Ten minute writing exercises are a fast, efficient way to stimulate your creativity.
If you truly want to write more productively and are willing to work towards this, then you are in the right place.
I personally love writing and I hope I can inspire you to feel the same.
Writing takes practice, lots and lots of practice.
Exercises are a great way to practice and developing a regular writing exercise routine is the most useful thing you can do to improve your writing and increase your creativity.
To start with make a commitment to carry out some writing exercises each week.
Decide for yourself which days and what times suit you best.
Remember the golden hour – some people writer better at dawn and others late at night.
Experiment and see what time suits you.
The following exercises are short although you can make them longer if you like.
TEN MINUTE EXERCISES – BEFORE YOU BEGIN
There are ten exercises below and each one comprises a simple set of three questions.
Each one should be answered as quickly as you can.
Don’t stop and think just start writing and keep going.
Remember, there are no right or wrong answers – only ideas.
It is up to you to decide whether the ideas appeal to you enough to make you want to develop them further.
I suggest trying them all and see what happens.
At this stage it is best to view your writing as an experiment and you should enjoy it.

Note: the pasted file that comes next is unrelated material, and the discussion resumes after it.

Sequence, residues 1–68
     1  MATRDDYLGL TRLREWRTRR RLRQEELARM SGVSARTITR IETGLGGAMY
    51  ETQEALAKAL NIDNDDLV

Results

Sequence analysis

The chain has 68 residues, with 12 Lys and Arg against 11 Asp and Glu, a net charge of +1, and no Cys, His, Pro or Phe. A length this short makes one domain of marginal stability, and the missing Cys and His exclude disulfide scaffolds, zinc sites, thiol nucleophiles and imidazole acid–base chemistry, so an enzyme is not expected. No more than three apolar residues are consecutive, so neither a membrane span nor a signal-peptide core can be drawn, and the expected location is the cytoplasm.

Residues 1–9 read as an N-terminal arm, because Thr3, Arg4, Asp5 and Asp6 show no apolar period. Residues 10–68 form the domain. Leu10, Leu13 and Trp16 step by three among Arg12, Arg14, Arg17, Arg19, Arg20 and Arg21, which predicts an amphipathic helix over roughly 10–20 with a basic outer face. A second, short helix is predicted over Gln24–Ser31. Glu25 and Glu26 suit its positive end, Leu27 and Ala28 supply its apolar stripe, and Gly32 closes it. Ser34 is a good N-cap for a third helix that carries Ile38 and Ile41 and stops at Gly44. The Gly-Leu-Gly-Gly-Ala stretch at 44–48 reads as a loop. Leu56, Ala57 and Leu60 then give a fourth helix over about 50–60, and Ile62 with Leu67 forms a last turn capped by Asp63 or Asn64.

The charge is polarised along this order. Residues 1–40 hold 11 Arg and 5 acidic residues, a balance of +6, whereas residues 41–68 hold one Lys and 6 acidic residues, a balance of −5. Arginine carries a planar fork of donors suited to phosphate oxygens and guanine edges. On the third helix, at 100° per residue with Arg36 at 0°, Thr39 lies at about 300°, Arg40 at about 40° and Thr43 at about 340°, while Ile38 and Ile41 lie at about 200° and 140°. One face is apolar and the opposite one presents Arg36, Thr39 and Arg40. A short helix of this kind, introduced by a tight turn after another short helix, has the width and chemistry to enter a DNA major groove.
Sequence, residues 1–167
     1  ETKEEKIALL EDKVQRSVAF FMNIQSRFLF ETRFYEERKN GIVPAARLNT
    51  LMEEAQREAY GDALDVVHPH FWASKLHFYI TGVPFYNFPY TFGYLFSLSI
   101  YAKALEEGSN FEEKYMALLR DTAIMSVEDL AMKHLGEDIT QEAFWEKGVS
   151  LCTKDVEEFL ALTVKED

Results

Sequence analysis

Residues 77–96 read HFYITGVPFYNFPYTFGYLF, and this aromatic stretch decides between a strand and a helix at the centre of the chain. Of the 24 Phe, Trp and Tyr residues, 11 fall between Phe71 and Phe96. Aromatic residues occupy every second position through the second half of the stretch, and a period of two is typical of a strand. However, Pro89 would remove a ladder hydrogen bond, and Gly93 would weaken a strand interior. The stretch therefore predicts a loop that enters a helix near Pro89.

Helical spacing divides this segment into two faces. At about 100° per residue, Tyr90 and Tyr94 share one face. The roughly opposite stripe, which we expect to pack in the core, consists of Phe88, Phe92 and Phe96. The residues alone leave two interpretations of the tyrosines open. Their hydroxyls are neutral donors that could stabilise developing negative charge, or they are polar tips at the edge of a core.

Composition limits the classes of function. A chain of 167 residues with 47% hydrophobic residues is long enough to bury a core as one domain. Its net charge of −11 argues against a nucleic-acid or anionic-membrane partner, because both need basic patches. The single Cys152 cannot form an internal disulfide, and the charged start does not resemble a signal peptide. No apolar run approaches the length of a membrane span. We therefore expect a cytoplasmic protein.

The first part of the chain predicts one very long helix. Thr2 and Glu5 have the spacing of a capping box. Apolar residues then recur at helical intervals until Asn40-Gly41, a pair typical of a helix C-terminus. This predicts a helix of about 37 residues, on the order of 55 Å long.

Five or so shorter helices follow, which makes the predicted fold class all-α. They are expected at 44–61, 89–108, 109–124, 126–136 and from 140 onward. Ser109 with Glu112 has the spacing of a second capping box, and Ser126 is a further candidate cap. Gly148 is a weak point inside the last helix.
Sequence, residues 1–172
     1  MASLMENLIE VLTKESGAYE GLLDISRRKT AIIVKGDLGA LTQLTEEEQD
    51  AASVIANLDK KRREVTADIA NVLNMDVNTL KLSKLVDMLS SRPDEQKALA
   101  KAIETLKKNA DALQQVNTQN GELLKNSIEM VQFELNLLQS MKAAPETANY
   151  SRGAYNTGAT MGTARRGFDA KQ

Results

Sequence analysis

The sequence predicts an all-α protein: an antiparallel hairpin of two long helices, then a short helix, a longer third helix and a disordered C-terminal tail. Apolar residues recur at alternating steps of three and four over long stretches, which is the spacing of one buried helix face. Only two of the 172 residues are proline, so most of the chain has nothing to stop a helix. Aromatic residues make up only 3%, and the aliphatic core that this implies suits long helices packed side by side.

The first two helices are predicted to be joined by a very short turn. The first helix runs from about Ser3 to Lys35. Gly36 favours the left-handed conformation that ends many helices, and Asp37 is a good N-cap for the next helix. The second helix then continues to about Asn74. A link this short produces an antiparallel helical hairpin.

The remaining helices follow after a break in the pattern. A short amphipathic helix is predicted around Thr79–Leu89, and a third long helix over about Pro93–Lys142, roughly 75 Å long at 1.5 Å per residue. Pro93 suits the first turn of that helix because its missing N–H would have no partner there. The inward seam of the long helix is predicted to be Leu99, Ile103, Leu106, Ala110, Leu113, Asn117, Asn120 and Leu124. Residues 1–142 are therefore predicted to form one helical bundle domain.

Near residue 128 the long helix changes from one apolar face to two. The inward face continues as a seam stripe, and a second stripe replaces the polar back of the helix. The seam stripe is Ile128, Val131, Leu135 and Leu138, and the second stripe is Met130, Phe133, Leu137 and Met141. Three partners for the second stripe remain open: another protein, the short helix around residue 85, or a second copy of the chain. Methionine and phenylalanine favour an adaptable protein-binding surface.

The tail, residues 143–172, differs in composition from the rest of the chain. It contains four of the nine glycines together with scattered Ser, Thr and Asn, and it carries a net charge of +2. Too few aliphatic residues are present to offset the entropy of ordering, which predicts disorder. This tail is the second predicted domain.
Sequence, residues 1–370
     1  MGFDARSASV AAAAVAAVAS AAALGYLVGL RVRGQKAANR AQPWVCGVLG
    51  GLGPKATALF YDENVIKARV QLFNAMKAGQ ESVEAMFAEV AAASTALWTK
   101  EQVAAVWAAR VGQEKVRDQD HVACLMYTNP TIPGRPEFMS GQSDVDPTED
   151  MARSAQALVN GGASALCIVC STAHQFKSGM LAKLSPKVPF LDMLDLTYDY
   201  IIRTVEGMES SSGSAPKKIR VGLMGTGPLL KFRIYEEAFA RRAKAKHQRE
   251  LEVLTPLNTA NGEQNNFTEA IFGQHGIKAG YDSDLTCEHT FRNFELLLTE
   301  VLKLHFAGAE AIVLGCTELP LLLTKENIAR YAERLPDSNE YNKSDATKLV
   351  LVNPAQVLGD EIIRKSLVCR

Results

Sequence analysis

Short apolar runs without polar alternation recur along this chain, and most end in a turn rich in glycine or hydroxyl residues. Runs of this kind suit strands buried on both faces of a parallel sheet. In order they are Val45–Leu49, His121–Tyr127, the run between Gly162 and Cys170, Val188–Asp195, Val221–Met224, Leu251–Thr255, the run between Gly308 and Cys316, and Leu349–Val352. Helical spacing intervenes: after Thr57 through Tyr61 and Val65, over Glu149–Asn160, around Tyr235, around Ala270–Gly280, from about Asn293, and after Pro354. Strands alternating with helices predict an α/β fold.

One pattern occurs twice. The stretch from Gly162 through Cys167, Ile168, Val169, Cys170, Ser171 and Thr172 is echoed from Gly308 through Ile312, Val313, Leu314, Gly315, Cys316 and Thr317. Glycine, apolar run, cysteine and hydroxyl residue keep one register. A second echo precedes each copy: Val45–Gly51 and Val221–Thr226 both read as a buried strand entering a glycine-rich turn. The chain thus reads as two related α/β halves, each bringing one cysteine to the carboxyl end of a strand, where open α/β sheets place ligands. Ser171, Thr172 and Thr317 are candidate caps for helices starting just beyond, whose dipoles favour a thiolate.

CREATIVE WRITING EXERCISES FOR WRITERS
1. Who is coming round the corner?
2. What is their secret?
3. What are they carrying?
1. Why did Peter lose his temper with Joanna
2. Where did he go after he stormed out?
3. What happened to him when he got there?
1. Who has found something at the back of the wardrobe?
2. What have they found?
3. What will they do next?
1. Who cheated John?
2. What did they cheat him at?
3. Will John do something?
1. What building can you see Rose leaving?
2. What is she wearing?
3. Where is she going?
1. Why is Ian finding it difficult to steer the car?
2. Where is he going?
3. Who is there?
1. Where did the accident happen?
2. Who was hurt?
3. Who helped?
1. The view is blocked by?
2. Whose view is blocked?
3. If the view wasn’t blocked what would they see?
1. Who closes the window?
3. How old are they?
1. Who is Jenny?
2. How tall is she?
3. Why is she alone?
Exercises can be crucial in helping writers develop and improve their work. No writer will improve by sitting thinking about it, or waiting for the muse to arrive.
I strongly advise doing these ten minute creative writing exercises regularly.
If you liked these you will find plenty more fun, stimulating and challenging exercises in my new book, Practical Creative Writing Exercises.
Practical Creative Exercises is written for writers who want to become more focused, become more versatile and improve their writing.
The exercises in this book will enable you to become really immersed in your writing – to let time go and experience the joys of creative writing flow.
If you are looking for exciting new ideas, want to experience the joy of losing yourself in creativity, or just want to be inspired, then this is the book for you.
Best of luck
P.S. I love encouraging people to write and all the exercises and information on this site is provided free of charge.
All I ask is that if you found this useful or helpful, that you like, share or comment. I love hearing from you and I always reply.